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Boenning latest i-bank to join $1B bank deal club in 2018

It is not out of the ordinary to see Boenning & Scattergood Inc. advise on a Pennsylvania bank M&A deal, but the investment bank does not typically land $1 billion transactions.

West Conshohocken, Pa.-based Boenning is serving as the buy-side adviser on Wilmington, Del.-based WSFS Financial Corp.'s $1.5 billion pending acquisition of Philadelphia-based Beneficial Bancorp Inc. while Sandler O'Neill & Partners LP is the sell-side adviser. Both investment banks have been active in Pennsylvania bank M&A deals.

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Relationships cultivated over time can lead to bigger deals for investment banks, and Boenning does have a history with WSFS. On the equity research side of the business, the company has followed WSFS for years, launching coverage in 2009. The investment bank advised the company on its $94.1 million deal for Alliance Bancorp Inc. of PA in 2015 and landed co-manager roles on senior debt deals in 2012 and 2016. For Boenning, the WSFS and Beneficial role marks the first $1 billion-plus transaction in which the investment bank earned league table credit on a deal announced since at least 2000, according to S&P Global Market Intelligence data.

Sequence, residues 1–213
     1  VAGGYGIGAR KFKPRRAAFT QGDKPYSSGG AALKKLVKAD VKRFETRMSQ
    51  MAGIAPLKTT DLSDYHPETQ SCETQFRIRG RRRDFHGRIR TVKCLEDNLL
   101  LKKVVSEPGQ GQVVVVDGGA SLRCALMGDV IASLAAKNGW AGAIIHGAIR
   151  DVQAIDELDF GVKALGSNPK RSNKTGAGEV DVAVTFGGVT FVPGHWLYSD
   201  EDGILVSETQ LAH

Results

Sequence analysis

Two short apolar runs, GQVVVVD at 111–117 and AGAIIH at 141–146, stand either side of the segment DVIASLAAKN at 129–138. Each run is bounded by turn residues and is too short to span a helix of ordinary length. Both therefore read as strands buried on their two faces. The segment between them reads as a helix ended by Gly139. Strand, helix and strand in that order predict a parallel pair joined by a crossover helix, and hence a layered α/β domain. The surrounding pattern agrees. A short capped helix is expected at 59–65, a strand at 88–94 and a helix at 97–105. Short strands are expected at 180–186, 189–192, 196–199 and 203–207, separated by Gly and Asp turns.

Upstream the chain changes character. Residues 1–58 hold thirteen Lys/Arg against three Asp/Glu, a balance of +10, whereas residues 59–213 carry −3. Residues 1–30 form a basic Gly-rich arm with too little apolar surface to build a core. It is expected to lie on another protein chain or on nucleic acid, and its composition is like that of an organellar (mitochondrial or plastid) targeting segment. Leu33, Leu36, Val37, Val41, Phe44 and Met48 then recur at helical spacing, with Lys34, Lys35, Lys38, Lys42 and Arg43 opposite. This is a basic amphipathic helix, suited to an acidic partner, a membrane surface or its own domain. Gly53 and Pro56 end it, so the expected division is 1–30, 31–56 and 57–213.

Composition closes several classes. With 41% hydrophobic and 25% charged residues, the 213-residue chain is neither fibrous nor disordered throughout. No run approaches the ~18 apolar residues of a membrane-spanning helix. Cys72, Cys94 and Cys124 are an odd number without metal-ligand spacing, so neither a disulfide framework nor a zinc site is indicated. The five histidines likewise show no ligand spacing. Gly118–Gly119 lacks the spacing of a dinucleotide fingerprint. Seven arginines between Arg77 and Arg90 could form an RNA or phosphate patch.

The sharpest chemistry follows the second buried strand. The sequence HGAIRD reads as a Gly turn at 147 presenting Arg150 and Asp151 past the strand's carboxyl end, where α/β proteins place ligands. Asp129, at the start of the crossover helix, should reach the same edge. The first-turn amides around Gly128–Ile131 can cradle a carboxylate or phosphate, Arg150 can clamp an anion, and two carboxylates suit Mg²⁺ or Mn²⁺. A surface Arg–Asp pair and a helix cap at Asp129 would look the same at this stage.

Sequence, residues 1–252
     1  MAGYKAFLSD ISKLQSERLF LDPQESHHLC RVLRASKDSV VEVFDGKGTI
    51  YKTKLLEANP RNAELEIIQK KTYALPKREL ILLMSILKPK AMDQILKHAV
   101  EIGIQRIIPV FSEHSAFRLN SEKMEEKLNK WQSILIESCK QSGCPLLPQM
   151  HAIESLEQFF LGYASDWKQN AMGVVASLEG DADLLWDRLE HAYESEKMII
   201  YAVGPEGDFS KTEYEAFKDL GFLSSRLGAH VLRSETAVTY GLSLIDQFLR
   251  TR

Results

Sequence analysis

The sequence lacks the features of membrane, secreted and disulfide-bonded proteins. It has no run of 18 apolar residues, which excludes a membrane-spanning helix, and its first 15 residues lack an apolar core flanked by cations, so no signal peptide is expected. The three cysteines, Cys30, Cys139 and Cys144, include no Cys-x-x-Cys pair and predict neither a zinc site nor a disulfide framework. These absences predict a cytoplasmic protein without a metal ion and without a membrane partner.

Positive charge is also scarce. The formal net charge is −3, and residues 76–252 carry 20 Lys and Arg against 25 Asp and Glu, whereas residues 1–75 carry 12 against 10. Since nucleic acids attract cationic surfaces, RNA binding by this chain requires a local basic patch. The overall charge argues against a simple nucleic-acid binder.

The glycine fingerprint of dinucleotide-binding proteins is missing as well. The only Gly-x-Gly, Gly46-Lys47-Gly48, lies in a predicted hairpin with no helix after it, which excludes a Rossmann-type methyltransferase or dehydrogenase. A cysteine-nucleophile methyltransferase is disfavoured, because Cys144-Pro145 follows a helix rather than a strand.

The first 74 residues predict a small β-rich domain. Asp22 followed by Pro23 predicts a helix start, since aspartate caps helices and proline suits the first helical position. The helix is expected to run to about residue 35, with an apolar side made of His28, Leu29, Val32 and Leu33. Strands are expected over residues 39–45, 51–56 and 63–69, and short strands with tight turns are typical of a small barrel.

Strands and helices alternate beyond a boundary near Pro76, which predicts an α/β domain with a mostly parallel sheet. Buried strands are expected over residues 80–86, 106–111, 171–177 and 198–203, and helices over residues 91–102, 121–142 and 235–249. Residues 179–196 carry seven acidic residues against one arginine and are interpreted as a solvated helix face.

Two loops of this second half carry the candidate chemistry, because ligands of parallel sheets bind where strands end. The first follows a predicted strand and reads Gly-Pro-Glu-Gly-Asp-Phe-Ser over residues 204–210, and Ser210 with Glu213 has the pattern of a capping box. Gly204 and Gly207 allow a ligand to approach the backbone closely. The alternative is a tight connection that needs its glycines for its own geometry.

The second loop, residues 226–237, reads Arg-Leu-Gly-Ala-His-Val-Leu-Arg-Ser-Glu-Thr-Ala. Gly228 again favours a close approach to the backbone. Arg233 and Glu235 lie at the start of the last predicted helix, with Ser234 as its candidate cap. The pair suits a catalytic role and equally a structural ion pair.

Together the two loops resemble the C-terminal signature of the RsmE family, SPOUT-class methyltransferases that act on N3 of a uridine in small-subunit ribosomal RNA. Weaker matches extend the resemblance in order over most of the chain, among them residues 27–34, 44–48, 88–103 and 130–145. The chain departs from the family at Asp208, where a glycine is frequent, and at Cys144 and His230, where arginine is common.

Boenning normally advises on much smaller deals. Since 2015, all but three of the investment bank's 35 U.S. depository deals had disclosed values below $100 million. Since 2015, Boenning has advised on nine such transactions in Pennsylvania, and only Sandler O'Neill has worked on more in the state with 13, according to S&P Global Market Intelligence data. Throughout the U.S., Sandler O'Neill has been active on the biggest deals in the space and has now landed spots on four of the six bank deals reaching $1 billion announced in 2018.

Boenning also advised National Penn Bancshares Inc. on its 2010 sale of Christiana Bank & Trust Co. to WSFS in a $34.5 million transaction that yielded the investment bank a $285,000 fee. Boenning's engagement on the WSFS and Beneficial deal should prove far more lucrative because payments to investment banks are often tied to the size of the deal.

The average buy-side payment on depository deals with a value between $1 billion and $2 billion is around 0.5% of the deal value, based on a review of eight transactions that were announced since 2010 and disclosed financial advisory fees. If that fee schedule were followed on the WSFS and Beneficial deal, Boenning could land a fee of about $7.5 million.

On the sell side, the average payment on depository deals with a value between $1 billion and $2 billion is around 0.8% of the deal value, based on a review of 11 transactions that were announced since 2010 and disclosed financial advisory fees. If that fee schedule were followed on the WSFS and Beneficial deal, Sandler O'Neill could land a fee around $12.0 million.

But fees vary from deal to deal. Sandler O'Neill earned a fee of $8.8 million for serving as financial adviser to National Penn on its sale to BB&T Corp., which equaled 0.55% of the $1.59 billion closing price.

Whatever the fees are on the WSFS and Beneficial deal, the financial advisers will proudly add the transaction to their pitchbook marketing materials. And Boenning's participation in a larger transaction underscores that more and more i-banks are seeking to land spots in the increasingly crowded arena for depository financial advisory engagements on $1 billion-plus transactions.